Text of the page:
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LG Watch W7 hands on: analog hands on a smartwatch?
When smartwatches first hit the mainstream, they were meant to be digital portals – unassuming, bland – like a tiny smartphone on your wrist. It wasn’t long until they adopted buttons like regular watches, then more traditional watch styling and later yet, rotating bezels. Smartwatches, as they were originally conceived, failed to take over. The “dumb watch” is a resilient, persistent thing, and over time, smartwatches have edged closer and closer to the traditional end of the timepiece spectrum.
Enter the LG Watch W7, a smartwatch that takes the extreme step of adding physical hands just like a regular analog watch.
To get the complexities of a mechanical timepiece right, LG partnered with Soprod SA of Switzerland to achieve high precision quartz movement via a gearbox stuffed inside. While the LG Watch W7 is LG’s first hybrid watch, it’s also LG’s first wearable to run the reimagined Wear OS from Google. As weird as it is, I kind of like it. Of course I don’t expect everyone to feel the same way.
It’s a relatively bulky watch, as most of LG’s offerings have been, with a large circular bezel (that unfortunately does not rotate) and a stainless steel body. I like chunky watches personally, but it won’t suit everyone, especially if you have thinner wrists. The band is a nice rubberized strap that can be switched out for any regular 22mm band but it’s not too light at 79.5 grams. For reference, the LG G Watch R weighed in at 62 grams, as did the Gear S3 Frontier. The Watch W7’s dimensions are 44.5 x 45.4 x 12.9mm.
The top button shifts the on-screen text up and makes the analog hands lay flat to get out of your way while reading.
There are three buttons on the right-hand side, each of which has a unique function. The top button is primarily used to “level” the analog watch hands at 9 and 3, so you can more easily read the writing on the watch face (which shifts upwards slightly when the button is held). It’s also used for starting and stopping the timer and other peripheral functions like on a normal watch. Launch the compass and the hands will point you in the direction of north. It’s pretty neat stuff.
The center button is pressed once to access your app drawer, and long pressed to launch Google Assistant. This center button is also a rotating crown, so you can twist it to navigate menus and then press it once to return to the main watch face. The bottom button launches handy “Master tools” including a barometer, compass, stopwatch, timer and more. Long pressing the watch face brings up alternate watch face options.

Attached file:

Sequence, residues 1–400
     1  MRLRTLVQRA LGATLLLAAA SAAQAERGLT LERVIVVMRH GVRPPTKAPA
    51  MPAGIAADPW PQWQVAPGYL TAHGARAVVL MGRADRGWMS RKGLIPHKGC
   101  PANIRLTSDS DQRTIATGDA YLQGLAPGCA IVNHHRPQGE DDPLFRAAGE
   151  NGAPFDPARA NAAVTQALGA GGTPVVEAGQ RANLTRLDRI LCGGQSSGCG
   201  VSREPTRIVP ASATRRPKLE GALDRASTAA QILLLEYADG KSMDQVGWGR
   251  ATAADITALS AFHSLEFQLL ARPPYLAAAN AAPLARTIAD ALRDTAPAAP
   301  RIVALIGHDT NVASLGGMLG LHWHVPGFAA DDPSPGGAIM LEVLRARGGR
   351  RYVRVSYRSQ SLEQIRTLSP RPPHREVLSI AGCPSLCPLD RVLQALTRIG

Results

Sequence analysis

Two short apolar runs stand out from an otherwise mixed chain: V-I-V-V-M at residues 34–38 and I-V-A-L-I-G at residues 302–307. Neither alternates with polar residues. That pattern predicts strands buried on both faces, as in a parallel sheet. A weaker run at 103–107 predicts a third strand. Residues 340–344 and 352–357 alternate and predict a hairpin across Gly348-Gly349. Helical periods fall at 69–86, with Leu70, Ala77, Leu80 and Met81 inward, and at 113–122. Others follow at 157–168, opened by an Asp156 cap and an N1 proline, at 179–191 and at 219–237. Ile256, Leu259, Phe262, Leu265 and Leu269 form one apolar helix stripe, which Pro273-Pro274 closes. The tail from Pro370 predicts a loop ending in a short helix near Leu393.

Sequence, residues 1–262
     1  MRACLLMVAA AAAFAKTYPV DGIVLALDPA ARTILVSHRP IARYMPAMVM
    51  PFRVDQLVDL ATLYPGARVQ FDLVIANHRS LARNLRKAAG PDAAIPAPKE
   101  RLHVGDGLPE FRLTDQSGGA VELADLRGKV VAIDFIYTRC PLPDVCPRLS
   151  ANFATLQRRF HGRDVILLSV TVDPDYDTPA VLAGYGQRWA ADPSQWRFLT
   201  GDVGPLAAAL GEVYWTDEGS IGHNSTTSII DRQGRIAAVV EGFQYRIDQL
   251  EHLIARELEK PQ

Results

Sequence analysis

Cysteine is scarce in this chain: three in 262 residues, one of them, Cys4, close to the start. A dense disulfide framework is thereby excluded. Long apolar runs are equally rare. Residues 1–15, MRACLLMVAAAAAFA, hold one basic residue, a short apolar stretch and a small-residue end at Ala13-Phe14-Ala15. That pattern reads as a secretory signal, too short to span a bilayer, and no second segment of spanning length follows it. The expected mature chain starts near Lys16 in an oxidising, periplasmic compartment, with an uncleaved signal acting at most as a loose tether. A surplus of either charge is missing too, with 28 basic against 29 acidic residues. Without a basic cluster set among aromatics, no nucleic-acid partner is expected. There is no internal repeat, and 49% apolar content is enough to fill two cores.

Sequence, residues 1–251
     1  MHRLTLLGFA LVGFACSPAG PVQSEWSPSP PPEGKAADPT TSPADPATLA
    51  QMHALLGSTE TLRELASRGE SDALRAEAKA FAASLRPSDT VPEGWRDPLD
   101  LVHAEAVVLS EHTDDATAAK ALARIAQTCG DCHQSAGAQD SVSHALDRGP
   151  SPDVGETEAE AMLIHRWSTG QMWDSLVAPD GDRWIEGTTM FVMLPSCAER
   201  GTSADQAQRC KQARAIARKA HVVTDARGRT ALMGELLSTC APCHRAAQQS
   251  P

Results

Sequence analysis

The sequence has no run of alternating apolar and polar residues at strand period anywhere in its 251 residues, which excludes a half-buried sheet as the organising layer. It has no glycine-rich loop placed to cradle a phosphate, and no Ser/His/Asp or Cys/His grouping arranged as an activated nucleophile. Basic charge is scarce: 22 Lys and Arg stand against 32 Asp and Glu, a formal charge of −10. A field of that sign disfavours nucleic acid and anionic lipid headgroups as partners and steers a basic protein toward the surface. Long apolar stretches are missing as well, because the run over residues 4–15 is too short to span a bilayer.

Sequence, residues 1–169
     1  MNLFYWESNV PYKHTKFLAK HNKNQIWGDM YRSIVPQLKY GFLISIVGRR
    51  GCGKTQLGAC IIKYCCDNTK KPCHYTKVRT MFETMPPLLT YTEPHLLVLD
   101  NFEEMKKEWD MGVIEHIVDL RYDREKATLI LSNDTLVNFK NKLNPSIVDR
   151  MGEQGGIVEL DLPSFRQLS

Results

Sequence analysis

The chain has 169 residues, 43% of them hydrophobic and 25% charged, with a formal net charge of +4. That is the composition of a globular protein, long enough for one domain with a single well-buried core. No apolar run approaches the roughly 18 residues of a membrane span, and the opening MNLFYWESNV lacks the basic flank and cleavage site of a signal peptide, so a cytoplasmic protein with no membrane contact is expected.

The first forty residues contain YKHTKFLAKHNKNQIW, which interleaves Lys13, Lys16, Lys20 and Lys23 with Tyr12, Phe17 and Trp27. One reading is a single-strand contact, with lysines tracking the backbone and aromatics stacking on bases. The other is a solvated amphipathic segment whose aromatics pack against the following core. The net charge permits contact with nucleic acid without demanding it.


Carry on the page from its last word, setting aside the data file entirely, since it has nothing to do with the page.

There’s no heart-rate sensor here, so if that’s important to you, you had better look elsewhere. There’s also no GPS, LTE or NFC. Without NFC that means no Google Pay, either. LG is clearly trying to reimagine what a “smartwatch” can be, so don’t expect all the bells and whistles found on a regular smartwatch. This list of omissions will be enough to put this on the no-buy list for many, but LG is at least trying to change the game that no one but Apple is winning right now.
This is not a smartwatch in the traditional sense, with no heart-rate sensor, no LTE, no GPS, and no NFC for contactless payments.
The display is a 1.2-inch LCD (360×360 resolution, 300ppi) and it looks good. The Watch W7 is powered by the slightly older Snapdragon Wear 2100 platform and 768MB LPDDR3 RAM with 4GB of internal storage, so a powerhouse it is not.
A 240mAh battery keeps the lights on, but despite sounding painfully small, the diminutive cell is capable of powering the watch for 100 days if you disable the smart features and just use it as a traditional analog watch. Even with the smart features enabled you can still get two days’ usage out of it. If the battery does die while in smart mode, the Watch W7 can continue working in analog mode for another two or three days. Charging is handled via pogo pins on the back.
The fact that you can switch between a fully fledged smartwatch and a dumb analog watch is kind of cool, and provides a lot more flexibility if you know battery life is going to be critical over the days ahead. The presence of analog watch hands in the middle of a digital display is a little odd at first, but LG has done a good job of getting them out of the way when you don’t need them and making them very useful when you do. Again, this isn’t likely to be a solution that appeals to everyone, but, like the notch, many will be able to look right past it.
The LG Watch W7 supports Bluetooth 4.2 LE, Wi-Fi 802.11 b/g/n, USB 2.0 and has an IP68 dust and water resistant rating.
We’ve already covered the new Wear OS experience in detail, so I’ll spare you an extensive walkthrough of the software experience. But the OS is essentially made up of four parts: swipe down to access quick settings toggles and the settings menu, swipe left to access your fitness stats, swipe up to access notifications, and swipe right to see your Google feed and reminders. Combined this with the added features accessible via the physical buttons and Wear OS on the LG Watch W7 feels surprisingly robust.
The worst part about the LG Watch W7 is its price. At $449.99, this is not a cheap smartwatch.
The worst part about the LG Watch W7 is its price. At $449.99, this is not a cheap smartwatch. But traditional watches have never been particularly cheap, and the LG Watch W7 is more of a traditional watch than any other Wear OS watch before it. Whether it will convince analog watch fans to switch to a smartwatch or remind smartwatch owners why traditional watches are so good I can’t yet say. But I do know that price is going to be a sticking point for many.
Stay tuned for our full LG Watch W7 review to find out if spending more time with the Watch W7 reveals more endearing qualities or just makes us wonder why.